You already understand the importance of weight training, speed drills and nutrition in your quest to become better at your sport. But if you're like most athletes, you're completely ignoring one of the most powerful tools for leveling the playing field: sports psychology.
Sports psychology encompasses mental techniques used to improve performance on the field. In this article, we discuss a powerful mental technique in which you create a "mental movie" to gain an advantage over an opponent.
When you create a vivid mental movie, your subconscious mind can't tell the difference between the real thing and the mental creation. Remember the last time you thought about something that made you nervous? When you visualized yourself in the stressful situation, just thinking about all the bad things that might happen probably made you queasy and sweaty. Your body responded to the mental movie in the same way it would if you were actually in that situation. Positive mental movies help you harness that power for good.
By following this week-long process, one of my high school defensive linemen had a career game last season against one of the best offensive linemen in the district—eight tackles, two sacks and a forced fumble that he recovered himself.
One Week Before Game Day
Start watching film of your opponent, making notes on everything. For instance, notice how he lines up, gets out of his stance, responds to his opponents' moves and gives away his assignment.
Later That Night
As you're getting ready for bed, set a timer for 10 minutes. Lie there with the lights out (no distractions) and start making a mental movie of your opponent. See each play in as much detail as possible. If he beats you on a play, rewind, make a note, and beat him on the next one.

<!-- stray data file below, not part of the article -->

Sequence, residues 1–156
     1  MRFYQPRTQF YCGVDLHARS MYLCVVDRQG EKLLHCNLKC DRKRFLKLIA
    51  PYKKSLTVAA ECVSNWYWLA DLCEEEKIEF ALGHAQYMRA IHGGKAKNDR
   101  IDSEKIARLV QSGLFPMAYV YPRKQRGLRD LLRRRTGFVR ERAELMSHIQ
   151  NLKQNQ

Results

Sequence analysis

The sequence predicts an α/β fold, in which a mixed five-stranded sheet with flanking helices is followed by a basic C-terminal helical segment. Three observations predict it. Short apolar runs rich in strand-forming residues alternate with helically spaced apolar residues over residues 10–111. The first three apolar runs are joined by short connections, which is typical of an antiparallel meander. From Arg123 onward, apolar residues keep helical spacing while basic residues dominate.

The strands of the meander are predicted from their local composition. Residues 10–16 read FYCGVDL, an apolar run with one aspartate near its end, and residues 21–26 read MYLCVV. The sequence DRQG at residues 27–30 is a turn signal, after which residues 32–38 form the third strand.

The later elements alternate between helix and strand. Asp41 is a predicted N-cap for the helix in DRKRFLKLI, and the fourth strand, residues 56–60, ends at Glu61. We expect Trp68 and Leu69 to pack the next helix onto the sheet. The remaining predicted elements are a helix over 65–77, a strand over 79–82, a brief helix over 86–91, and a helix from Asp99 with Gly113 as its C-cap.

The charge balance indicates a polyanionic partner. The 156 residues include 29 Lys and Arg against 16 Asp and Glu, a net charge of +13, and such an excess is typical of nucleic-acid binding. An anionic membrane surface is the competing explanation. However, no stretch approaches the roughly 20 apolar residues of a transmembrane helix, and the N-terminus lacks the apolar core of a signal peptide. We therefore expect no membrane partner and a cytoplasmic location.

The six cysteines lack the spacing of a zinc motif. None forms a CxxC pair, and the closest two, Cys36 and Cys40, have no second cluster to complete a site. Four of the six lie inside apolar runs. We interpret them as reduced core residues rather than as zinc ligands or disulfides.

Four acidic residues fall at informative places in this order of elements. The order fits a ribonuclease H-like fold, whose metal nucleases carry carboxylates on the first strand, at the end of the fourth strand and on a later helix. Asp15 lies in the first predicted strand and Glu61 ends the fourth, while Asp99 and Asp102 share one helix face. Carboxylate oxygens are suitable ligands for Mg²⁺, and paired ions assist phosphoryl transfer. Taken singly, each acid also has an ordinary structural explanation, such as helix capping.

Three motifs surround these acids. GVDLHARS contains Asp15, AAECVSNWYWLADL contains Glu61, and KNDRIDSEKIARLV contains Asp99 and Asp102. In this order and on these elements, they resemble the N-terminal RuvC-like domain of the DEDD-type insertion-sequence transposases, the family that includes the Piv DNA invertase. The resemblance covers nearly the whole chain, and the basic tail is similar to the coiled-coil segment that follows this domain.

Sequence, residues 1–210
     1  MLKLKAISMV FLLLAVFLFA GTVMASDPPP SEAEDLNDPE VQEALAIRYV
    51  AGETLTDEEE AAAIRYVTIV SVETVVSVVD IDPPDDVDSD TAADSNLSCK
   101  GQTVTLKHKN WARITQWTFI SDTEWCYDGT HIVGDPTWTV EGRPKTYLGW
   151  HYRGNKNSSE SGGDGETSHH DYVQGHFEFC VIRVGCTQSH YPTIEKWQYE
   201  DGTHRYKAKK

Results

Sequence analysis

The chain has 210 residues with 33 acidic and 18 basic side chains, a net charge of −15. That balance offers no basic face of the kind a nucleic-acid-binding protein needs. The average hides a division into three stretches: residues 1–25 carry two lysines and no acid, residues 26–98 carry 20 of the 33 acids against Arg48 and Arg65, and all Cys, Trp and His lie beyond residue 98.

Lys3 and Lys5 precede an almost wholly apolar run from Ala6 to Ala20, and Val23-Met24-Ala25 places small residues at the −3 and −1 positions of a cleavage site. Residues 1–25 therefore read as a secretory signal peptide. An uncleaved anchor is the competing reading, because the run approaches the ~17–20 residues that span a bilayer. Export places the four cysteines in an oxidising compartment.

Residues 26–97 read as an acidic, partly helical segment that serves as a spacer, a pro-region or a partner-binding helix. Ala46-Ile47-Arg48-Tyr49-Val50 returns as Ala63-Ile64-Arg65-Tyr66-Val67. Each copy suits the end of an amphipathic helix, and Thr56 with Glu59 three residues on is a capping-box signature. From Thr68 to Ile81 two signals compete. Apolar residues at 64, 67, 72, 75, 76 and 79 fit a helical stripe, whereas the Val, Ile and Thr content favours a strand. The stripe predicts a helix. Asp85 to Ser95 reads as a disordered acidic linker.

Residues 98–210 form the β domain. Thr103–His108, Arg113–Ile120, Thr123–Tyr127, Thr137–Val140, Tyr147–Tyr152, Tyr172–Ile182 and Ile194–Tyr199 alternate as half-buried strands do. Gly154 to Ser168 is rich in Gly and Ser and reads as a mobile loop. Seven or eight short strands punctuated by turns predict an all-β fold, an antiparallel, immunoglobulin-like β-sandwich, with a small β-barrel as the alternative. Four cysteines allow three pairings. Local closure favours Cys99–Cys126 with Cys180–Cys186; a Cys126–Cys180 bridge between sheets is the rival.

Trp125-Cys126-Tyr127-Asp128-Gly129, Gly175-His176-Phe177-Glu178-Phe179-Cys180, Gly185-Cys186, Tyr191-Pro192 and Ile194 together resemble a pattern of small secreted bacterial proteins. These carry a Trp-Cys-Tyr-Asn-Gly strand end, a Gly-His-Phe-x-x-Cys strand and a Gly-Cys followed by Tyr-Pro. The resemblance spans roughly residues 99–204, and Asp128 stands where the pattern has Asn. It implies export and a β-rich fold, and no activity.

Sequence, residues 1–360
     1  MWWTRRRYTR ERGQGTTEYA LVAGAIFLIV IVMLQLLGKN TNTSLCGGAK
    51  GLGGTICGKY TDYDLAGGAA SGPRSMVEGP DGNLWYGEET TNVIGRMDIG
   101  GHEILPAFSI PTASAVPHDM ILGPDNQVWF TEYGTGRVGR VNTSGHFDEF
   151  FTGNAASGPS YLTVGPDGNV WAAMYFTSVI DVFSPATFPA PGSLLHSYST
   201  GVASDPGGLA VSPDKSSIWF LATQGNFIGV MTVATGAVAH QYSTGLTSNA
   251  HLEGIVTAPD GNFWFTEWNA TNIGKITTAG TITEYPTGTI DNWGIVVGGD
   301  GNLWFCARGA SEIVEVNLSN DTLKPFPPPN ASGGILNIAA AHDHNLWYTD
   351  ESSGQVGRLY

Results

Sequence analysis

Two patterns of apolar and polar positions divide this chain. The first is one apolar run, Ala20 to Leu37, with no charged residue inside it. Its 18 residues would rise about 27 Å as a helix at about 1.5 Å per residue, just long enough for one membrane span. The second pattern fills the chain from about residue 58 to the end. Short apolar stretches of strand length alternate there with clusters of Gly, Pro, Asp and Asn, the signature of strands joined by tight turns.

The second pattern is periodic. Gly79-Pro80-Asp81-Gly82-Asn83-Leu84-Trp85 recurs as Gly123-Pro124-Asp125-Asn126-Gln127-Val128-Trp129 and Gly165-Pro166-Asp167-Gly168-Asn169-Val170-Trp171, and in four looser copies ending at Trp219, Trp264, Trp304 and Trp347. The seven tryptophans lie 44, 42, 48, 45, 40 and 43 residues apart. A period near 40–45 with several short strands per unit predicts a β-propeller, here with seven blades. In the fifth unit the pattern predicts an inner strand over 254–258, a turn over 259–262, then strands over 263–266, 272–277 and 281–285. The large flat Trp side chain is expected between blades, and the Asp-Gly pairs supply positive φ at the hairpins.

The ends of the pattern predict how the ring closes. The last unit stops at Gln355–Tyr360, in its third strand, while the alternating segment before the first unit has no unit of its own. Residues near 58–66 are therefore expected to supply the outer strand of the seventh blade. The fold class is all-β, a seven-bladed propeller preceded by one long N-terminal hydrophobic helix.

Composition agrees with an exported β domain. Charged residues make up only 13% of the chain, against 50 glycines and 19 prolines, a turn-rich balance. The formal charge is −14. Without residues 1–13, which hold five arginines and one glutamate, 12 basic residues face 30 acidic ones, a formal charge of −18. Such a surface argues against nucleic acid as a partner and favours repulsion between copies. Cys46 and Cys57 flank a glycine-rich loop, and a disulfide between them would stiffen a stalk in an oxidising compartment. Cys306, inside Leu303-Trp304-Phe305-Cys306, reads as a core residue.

Continue watching film of your opponent, making more notes to refine the "movie" in your mind. That night, again set the timer for 10 minutes and replay your mental movie, trying to add even more details.
Days Three Through Five
Continue adding details to your movie and practicing against your opponent every night for 10 minutes. The "movie" should seem almost real at this point. You should see yourself beating every move and counter-move he makes, getting to the QB, and making plays all over the field.
Run the movie one more time. Focus only on your dominant play. You've already played the game at least six times in your mind, and your path to success should be crystal clear. You're ready.
Of course, this formula isn't specific to football players. Athletes in any sport can improve performance on game day by filling in their mental movies with as much detail as possible. You've already put in the physical preparation. Now take your performance to the next level through mental practice. Check out STACK's Sports Psych section for even more mental tips for excelling at your sport.
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